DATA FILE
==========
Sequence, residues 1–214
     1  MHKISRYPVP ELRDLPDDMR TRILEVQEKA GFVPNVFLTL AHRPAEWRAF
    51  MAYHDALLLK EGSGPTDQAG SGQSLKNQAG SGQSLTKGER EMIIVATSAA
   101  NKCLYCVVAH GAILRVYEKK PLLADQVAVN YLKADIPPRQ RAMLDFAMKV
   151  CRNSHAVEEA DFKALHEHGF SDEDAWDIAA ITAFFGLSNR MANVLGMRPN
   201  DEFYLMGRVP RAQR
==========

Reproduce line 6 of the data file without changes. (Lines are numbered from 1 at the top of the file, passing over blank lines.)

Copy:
   201  DEFYLMGRVP RAQR